Later that day we returned to the marina only to find stronger winds, bigger waves and the prospect of getting wet through on the journey back to Tumi.  But it had to be done and so once again we suited and booted up and set off.  By this time the swells were 3 to 4 feet high which in a dinghy only 10 feet long is not for the feint hearted.  We took it slowly but got absolutely drenched!  The most challenging time came getting out of the dinghy and back onto Tumi, which was bucking around as though on the back of a rodeo bull, but we made it and after a hot shower and glass of wine felt much better.  Winds overnight on Friday were blowing in excess of 40 knots and were forecast to continue for another 48 hours before starting to abate so we radioed in and arranged to retreat to the protection of the marina on Saturday morning.

By a stroke of luck, a mooring buoy became available in the south field on Saturday and so we opted to take that and found life on the other side of the bridge so much calmer, so from here on, things can (hopefully) only get better!

4 Dec 2015

3/12/15: St Augustine, Florida

We’d both been looking forward to our visit to St Augustine having heard a lot of good things about it.  The only negative seemed to be the viability of the St Augustine inlet for our passage, notorious for shoaling and breaking waves, so we (I, Debra) were viewing it with a degree of trepidation, but we obtained a copy of the most recent dredging survey and spoke to the TowBoatUS people and decided to give it a go, making sure we would arrive in calm conditions on a rising tide and in daylight.  This meant us leaving Fernandina Beach a day or two before we probably wanted to but looking at the weather forecast we didn’t really have a lot of choice.  So we got up at 1.30am on Wednesday to leave Fernandina on an ebb tide and arrive at St Augustine 10 hours later.  Typically what wind there was came from on the nose so we had to motor the whole way but we rather that than high winds and seas.

Having now been in St Augustine for two days we’re pretty disappointed in the town itself.  Whilst there is a lot of history here (Spanish in the main) and some attractive buildings it is incredibly touristy in the downtown area so not really our scene, but the weather has blown up again and so it won’t be sensible to leave until early next week.  We did visit the local distillery this morning where they produce gin, vodka, rum and bourbon and that was interesting and we’ve hired a rental car for the weekend to explore the area a little further afield which should be good.  We’ll report in before we leave .....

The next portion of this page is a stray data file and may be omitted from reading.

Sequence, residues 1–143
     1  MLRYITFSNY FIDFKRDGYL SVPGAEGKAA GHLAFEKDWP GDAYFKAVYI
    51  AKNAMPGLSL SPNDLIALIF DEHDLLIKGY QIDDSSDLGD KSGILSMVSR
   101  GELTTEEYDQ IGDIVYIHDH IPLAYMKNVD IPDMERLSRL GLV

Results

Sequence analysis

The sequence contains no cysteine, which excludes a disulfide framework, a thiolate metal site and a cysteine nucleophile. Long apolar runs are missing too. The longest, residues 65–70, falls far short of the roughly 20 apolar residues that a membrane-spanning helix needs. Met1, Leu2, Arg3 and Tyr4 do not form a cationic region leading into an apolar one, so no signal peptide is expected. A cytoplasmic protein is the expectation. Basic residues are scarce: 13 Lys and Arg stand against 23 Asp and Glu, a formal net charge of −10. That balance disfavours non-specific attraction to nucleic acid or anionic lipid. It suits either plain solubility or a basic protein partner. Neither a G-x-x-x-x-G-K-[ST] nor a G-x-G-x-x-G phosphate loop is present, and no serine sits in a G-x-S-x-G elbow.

1 Dec 2015

1/12/125 : Fernandina Beach

It's December and we're wearing shorts and T-shirts, yippee.  The approach to Fernandina isn't exactly inspiring: Two big paper mills dominate the Skyline making you feel as though you're sailing into an industrial estate but the small town itself is utterly charming, historic by American standards and very friendly.  It sits on another barrier island called Amelia Island and, as with Cumberland Island, has a long, pristine beach but there the similarity ends as this is developed.  The author Stephen King and a couple of others have beach homes here, all very upmarket.

Sadly Paul's flying trip didn't come to pass but the couple did show us the sights by road instead.  We've also bumped into a British boat we last saw in Annapolis and joined them for dinner last night.

Today we've cycled the 10 miles round trip to Fort Clinch, built by the Yankees in the mid eighteen hundreds.  It never actually saw active service and is consequently very well preserved.  Interesting to see.

We're leaving here at 1am tomorrow morning to get down to St Augustine in a good weather window so will try to get a few hours sleep now in readiness!